The literature review also noted the importance of identifying alternative ways of attending to self-handling or a “need for touch experiences as the lack of ‘handling’ or ‘holding’ was a contributory reason given for self-injury” (Turp, 2003). I argue that some clients, especially if they have experienced neglect, abuse or trauma in their lives, may not have developed a capacity for self-care, because neglect and “self-neglect” may be what feels “normal”. Additionally, some may not know what the experience of self-care is. It is essential, therefore, to explore what this might look like, while also providing strategies they can use to help with this. Furthermore, exploring issues around how racism may have affected the meanings they give to their skin and brown skin might be useful. This approach would take into account some of the findings of the papers cited in the literature review.
Additionally, and informed by my work with self-injurers, and discussed in the review, the negative view of themselves and their bodies may lead to BSAAW not wanting to look after themselves because they feel unworthy of doing so. Cognitive behavioural techniques could be used to explore cognitive biases and be utilised to focus on the client’s “inner scripts.”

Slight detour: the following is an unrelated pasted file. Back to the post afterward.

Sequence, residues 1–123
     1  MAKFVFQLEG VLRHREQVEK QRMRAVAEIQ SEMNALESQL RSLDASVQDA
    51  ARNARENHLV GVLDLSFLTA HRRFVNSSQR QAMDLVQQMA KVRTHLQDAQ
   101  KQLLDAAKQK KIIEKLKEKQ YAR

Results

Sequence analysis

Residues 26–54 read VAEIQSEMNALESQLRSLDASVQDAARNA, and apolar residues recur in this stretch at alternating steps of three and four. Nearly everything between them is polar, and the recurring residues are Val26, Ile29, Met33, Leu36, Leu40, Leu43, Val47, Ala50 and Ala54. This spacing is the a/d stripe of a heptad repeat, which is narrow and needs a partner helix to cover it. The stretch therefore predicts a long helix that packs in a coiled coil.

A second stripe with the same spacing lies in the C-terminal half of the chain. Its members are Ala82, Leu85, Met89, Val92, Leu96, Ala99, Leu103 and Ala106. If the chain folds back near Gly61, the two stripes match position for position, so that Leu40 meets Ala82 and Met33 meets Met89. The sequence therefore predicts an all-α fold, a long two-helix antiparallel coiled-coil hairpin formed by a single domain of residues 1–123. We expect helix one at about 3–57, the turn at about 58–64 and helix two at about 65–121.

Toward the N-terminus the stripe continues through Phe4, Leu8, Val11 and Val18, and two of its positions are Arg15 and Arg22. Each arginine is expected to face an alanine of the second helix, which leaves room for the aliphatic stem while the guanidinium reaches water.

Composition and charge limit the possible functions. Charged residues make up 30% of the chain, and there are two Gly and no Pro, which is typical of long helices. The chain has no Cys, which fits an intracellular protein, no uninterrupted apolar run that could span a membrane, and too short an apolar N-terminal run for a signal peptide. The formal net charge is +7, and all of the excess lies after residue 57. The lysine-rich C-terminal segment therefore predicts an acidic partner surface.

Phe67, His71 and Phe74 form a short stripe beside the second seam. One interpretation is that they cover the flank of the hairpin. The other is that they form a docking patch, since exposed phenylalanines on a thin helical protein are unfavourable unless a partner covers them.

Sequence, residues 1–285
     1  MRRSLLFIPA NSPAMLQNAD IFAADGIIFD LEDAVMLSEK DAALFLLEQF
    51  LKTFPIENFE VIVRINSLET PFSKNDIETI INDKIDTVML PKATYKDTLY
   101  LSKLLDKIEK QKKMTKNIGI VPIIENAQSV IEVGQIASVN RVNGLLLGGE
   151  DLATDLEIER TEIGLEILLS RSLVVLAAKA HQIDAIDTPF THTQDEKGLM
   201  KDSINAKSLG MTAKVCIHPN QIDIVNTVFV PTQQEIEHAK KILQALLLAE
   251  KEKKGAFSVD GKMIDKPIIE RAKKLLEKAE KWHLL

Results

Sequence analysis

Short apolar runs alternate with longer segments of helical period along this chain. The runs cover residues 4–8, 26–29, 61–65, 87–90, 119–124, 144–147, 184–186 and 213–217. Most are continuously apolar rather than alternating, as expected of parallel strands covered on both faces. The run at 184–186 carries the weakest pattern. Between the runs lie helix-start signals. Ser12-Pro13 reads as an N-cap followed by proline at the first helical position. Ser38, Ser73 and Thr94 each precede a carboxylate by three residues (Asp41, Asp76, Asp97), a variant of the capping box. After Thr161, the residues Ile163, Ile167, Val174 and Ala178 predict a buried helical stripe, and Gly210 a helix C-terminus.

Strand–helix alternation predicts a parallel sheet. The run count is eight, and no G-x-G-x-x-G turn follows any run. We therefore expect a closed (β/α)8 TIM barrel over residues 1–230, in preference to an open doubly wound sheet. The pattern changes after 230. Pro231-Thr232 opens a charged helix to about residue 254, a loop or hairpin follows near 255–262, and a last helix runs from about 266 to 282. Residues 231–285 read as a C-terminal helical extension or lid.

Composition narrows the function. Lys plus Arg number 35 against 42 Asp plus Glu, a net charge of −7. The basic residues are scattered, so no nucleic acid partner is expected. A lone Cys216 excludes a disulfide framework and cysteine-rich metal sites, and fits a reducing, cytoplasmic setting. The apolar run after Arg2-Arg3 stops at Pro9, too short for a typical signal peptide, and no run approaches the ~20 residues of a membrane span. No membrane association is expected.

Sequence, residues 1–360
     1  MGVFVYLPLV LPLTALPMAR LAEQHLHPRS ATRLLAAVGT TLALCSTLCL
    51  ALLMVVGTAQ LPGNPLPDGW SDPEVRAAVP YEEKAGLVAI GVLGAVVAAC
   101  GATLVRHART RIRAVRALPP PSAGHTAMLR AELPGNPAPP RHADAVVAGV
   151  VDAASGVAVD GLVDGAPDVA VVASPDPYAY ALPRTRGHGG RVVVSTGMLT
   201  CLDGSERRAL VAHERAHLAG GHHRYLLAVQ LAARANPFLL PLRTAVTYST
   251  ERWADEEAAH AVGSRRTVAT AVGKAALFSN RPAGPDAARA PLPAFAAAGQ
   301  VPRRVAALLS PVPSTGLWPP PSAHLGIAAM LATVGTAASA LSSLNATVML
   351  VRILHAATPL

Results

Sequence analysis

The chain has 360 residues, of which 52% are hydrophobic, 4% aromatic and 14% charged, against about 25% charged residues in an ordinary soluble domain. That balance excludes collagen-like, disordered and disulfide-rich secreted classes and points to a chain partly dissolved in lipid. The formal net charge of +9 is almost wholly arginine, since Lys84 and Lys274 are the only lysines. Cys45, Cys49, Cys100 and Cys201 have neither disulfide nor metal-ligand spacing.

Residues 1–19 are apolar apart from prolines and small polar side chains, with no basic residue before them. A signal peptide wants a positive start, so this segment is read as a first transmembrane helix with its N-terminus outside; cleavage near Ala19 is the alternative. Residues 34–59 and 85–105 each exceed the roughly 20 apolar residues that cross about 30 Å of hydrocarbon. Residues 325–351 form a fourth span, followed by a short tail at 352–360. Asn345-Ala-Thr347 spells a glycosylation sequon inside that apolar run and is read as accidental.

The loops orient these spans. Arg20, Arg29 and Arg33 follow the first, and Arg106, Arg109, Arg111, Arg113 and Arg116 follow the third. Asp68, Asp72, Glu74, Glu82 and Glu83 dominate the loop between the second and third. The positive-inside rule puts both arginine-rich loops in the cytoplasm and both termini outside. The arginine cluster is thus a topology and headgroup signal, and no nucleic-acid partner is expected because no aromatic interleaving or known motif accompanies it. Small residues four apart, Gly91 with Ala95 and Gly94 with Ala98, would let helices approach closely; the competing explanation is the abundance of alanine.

As also evidenced from the literature review, self-injury can be used for affect regulation in a context in which the child, due to neglect or the above, has to turn to themselves, using her limited resources to affect regulate. Recognising that the self-injurer has found a way of managing emotional distress and exploring in this in the context, her internal conflicts regarding her self-injury, as opposed to the elimination of self-injury, would be necessary. This approach recognises the work of Turp (2003), as already highlighted, regarding self-injury as a form of self-care.